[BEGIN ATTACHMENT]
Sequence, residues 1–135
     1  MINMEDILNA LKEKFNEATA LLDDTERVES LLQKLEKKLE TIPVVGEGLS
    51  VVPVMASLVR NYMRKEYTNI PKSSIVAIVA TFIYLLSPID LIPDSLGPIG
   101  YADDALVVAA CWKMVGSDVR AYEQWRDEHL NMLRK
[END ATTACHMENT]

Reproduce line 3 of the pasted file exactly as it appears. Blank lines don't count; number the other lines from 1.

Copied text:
    51  VVPVMASLVR NYMRKEYTNI PKSSIVAIVA TFIYLLSPID LIPDSLGPIG